When some of the executives reportedly argued for releasing the reach data preferred by Facebook, CrowdTangle co-founder and CEO Brandon Silverman replied there was just one problem. CrowdTangle engineers had already tested a reach data analysis tool and discovered that data also showed the same type of crap rising to the top, making it not “a total win from a comms point of view.”

According to Times, Facebook’s chief marketing officer and vice president of analytics, Alex Schultz, was the most critical, saying that there was no option to “avoid stories like this” but to switch from CrowdTangle to Facebook-curated reports. He reportedly wrote that “If we go down the route of just offering more self-service data you will get different, exciting, negative stories in my opinion.”

A Facebook spokesperson, Joe Osborne, told the Times that the executives weren’t talking about taking CrowdTangle to a big farm upstate but instead simply discussing how to correct the record on how the media was interpreting the data.

Yet Facebook’s vice president in charge of partnerships strategy, Brian Boland, told the paper that around the time of the 2020 elections, Facebook execs were clearly turning against CrowdTangle due to its role in unfavourable coverage. Boland, an advocate of greater transparency whose portfolio had included CrowdTangle, said he left Facebook in November 2020 because “the most senior leadership in the company does not want to invest in understanding the impact of its core products” and “doesn’t want to make the data available for others to do the hard work and hold them accountable.”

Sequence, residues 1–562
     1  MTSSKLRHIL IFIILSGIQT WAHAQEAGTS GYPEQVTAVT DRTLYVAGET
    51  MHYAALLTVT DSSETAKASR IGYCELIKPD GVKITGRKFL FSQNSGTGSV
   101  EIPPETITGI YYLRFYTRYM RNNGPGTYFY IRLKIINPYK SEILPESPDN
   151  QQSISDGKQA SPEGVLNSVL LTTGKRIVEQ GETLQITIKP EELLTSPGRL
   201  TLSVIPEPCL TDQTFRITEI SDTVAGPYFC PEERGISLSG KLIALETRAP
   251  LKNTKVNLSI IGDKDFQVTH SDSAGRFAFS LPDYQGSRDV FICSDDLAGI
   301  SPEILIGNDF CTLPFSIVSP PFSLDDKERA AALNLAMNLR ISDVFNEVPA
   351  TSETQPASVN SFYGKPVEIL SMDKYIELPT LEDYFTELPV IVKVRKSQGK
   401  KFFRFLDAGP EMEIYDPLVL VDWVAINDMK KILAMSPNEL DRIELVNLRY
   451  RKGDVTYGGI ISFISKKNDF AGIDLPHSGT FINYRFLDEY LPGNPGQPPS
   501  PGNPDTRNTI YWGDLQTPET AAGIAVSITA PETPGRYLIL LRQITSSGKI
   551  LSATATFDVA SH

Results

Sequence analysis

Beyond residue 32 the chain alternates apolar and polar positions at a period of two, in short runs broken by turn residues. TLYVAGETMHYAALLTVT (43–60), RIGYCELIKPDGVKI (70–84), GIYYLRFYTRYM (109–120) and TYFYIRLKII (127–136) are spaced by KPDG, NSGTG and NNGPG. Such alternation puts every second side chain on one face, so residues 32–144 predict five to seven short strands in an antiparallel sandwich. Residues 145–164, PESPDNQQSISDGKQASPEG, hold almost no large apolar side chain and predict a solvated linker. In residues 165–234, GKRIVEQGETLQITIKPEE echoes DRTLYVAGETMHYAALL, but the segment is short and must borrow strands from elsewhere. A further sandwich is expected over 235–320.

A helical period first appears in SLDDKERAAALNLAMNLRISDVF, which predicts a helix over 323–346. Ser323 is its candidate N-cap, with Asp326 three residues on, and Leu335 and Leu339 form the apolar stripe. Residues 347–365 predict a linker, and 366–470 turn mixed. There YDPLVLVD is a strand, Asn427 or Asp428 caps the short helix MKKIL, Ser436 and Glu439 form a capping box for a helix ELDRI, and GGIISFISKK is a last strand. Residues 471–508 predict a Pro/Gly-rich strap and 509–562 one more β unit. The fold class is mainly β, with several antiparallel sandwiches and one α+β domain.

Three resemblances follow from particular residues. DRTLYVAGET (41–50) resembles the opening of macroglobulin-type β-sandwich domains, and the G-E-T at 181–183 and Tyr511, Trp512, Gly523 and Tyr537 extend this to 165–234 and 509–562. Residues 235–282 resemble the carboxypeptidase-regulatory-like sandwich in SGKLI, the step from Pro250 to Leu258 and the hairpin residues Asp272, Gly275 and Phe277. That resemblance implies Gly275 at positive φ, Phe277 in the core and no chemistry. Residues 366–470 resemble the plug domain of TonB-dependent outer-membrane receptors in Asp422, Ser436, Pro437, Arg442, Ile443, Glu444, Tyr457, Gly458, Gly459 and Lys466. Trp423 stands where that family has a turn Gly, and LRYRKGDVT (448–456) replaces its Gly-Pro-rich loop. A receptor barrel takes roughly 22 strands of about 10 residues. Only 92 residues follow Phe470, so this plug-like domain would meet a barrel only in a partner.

By April 2021, Silverman, the CrowdTangle chief, told employees that dozens of them would be reassigned to Facebook’s integrity division, the Times reports. Silverman reportedly added he would no longer be involved in managing CrowdTangle on a daily basis. The Times reported that sources said he has since been taking leave and is in the position of no longer having a clearly defined job.

CrowdTangle is still available despite its reportedly ravaged staff, and two people involved with the company’s plans told the Times that they don’t believe Facebook is planning to take it down anytime soon.

“CrowdTangle is part of a growing suite of transparency resources we’ve made available for people, including academics and journalists,” Osborne told the Times. “With CrowdTangle moving into our integrity team, we’re developing a more comprehensive strategy for how we build on some of these transparency efforts moving forward.”

“People were enthusiastic about the transparency CrowdTangle provided until it became a problem and created press cycles Facebook didn’t like,” Boland told the Times. “Then, the tone at the executive level changed.”